Thompson said it would be 2055 before either Oconee or Walter county, partners in the project, actually would start using water from the reservoir.
No treatment plant exists, and no distribution lines are in place.
“I would like this Board to authorize me to continue talking to them and bring something back to this Board if we get to that point,” he said.
Oconee County is represented on the Management Board by Saxon, Commissioner Chuck Horton, and County Administrator Justin Kirouac.
“I don’t have any problem with an outside agency or government,” Horton said when Thompson stopped. “But I also would want to know is what that entails.”
“What do we have to do? Who’s going to pay for it? We’re talking about pumping, a lot of pumps. Whatever it takes. If you can have details,” Horton said.
“Whether it’s Newton County or whatever county it is is not the issue to me as much as it is what is it going to take to move water out of that reservoir to any location outside where it currently is,” Horton said.
“They’re engineering it as we speak,” Thompson said. “And getting preliminary prices. They have to give us some sort of idea of what they are willing to do. And what they are willing to pay.”
Impact of Withdrawal
“There is an effect to the reservoir as a whole when you start drawing water out,” Saxon said. “So we’ve got to look at that and make sure we’re aware of what’s going to happen.”
Parker said that the reservoir could handle 13 million gallons per day of withdrawal, and after that point water would have to be pumped from the Apalachee River to replenish the reservoir.
The Hard Labor Creek Regional Reservoir is designed as a pump-storage facility, with the Apalachee River–via the planned intake at High Shoals–providing supplemental water for the reservoir.
Citizens along the Apalachee River downstream from the planned intake have argued that the volume of flow is insufficient for that withdrawal.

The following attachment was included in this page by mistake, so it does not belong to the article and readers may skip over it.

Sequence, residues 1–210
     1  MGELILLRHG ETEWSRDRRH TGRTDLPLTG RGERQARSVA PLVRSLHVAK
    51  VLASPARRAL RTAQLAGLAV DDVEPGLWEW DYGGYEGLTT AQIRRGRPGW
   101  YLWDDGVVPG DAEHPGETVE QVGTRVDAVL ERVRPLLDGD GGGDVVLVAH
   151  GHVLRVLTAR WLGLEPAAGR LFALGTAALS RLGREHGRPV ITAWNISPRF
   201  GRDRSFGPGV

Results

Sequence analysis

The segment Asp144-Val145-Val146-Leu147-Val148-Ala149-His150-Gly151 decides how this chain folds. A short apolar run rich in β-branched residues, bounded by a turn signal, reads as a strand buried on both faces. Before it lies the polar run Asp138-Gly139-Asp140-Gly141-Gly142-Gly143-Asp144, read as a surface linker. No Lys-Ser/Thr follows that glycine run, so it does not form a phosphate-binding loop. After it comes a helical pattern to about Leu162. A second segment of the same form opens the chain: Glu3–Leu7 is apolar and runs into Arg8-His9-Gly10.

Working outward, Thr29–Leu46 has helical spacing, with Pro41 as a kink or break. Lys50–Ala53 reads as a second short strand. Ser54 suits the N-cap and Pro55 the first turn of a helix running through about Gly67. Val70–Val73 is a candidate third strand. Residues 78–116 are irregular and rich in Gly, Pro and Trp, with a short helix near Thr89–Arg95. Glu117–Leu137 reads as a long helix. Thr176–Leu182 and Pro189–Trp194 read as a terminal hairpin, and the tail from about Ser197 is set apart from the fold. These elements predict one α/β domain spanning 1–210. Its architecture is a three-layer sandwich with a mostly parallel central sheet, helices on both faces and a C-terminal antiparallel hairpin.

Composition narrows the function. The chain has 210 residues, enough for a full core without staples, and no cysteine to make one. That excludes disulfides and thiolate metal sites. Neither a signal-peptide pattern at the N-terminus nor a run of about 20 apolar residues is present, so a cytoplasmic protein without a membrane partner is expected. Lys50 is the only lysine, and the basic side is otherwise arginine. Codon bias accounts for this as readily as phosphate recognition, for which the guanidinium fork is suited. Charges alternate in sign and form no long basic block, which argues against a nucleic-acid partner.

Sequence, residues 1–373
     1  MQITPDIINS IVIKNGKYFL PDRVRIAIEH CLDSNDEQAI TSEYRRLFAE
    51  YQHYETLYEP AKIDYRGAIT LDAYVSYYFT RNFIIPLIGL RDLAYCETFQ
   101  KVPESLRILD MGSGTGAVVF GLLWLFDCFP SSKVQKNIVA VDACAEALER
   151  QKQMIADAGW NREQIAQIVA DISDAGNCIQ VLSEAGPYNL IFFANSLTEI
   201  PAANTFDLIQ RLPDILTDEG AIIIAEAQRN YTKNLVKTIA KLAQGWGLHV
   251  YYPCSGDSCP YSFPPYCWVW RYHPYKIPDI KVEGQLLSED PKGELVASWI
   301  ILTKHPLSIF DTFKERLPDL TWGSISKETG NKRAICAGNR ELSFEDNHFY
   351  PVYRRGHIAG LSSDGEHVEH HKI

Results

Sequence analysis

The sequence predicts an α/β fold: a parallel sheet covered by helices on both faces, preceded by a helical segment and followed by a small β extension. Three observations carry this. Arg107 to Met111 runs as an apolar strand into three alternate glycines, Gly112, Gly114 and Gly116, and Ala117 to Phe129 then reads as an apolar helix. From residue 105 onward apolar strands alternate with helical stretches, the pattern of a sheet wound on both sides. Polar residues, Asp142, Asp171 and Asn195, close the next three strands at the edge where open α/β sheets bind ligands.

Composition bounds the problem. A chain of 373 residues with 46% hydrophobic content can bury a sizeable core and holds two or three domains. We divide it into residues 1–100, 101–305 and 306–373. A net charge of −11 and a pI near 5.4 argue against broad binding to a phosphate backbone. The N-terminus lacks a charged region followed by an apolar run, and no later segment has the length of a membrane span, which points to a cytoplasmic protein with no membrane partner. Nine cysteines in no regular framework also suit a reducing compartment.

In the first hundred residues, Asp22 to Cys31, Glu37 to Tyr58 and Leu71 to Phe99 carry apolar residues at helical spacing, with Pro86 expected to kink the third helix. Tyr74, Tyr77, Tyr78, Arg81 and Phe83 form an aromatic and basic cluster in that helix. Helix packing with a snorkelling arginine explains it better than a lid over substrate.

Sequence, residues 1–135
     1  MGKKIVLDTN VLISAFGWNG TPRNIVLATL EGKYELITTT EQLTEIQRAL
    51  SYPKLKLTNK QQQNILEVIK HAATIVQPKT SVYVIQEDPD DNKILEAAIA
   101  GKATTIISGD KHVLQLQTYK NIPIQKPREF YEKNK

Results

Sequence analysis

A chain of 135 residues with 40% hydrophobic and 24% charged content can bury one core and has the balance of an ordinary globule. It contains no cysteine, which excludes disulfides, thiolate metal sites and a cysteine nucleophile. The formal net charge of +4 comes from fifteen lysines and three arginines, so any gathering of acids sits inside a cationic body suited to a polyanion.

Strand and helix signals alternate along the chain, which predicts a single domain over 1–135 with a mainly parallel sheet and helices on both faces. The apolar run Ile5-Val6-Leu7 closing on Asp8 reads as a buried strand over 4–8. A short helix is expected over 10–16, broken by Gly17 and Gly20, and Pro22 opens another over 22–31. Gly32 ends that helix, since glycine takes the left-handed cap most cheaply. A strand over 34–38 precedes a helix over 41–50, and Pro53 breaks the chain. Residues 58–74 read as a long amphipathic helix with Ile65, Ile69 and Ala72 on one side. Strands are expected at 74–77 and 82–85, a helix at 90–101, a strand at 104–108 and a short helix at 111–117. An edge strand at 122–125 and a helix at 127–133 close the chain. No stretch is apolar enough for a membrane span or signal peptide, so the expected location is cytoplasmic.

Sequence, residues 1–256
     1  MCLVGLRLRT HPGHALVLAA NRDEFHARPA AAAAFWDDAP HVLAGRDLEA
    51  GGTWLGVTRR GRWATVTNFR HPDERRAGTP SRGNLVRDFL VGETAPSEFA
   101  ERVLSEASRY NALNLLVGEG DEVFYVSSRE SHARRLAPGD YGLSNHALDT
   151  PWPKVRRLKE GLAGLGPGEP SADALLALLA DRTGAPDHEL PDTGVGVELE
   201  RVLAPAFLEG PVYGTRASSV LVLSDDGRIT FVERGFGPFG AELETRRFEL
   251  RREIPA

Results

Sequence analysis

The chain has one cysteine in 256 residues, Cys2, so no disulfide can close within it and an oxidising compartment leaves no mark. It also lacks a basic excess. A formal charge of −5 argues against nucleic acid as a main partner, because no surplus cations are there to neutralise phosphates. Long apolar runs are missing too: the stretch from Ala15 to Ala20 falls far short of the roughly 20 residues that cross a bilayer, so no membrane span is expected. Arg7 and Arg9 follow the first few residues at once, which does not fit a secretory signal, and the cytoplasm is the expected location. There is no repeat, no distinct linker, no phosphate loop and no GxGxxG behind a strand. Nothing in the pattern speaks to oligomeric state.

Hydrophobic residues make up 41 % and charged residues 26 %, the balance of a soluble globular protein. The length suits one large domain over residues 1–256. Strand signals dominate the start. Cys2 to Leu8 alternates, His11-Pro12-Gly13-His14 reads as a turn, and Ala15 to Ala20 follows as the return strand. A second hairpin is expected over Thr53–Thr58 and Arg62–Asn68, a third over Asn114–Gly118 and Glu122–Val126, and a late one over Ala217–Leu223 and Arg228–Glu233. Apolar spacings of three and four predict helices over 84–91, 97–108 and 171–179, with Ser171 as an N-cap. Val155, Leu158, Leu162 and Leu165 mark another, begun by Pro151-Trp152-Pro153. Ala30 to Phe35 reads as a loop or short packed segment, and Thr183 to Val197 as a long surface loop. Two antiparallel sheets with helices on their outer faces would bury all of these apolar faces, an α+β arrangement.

“If you don’t mind, I’d like to be involved in these meetings,” Saxon told Thompson. “Just let me know, I’ll be glad to be there anytime.”
“I’d be glad to include you in the next time,” Thompson said. He also invited Project Manager Parker to join.
Thompson made fleeting reference in his comments to Stanton Springs, a research park for high-tech and bio-science industries created by a Joint Development Authority of Jasper, Morgan, Newton, and Walton counties and located on I-20 where the four counties come together.
Takeda Pharmaceutical, Facebook, and Georgia's BioScience Training Center currently are located in the park.
“Basically Walton and Newton are evaluating options to provide additional water supply to the four-county industrial park,” Parker told me in an email on Wednesday.
“A large industry locating there would either require Newton County expand their Cornish Creek Water Treatment Facility, or Walton to move forward with development of the Hard Labor Creek Treatment Facility, which is much close to the site.
“What Chairman Thompson mentioned yesterday was related to preliminary discussions between himself and Newton County Chairman Marcello Banes, regarding water supply options for the Four County Park,” Parker said.
Parker said “the discussions have been between those two directly.”
The video below is of the May 11 meeting of the Management Board, held at the Walton County Historic Courthouse in Monroe.
Scott Wallace of the Greater Apalachee River Community attended the meeting and recorded it for me.
Thompson began his comments on his meetings with Newton County officials at 32:08 in the video.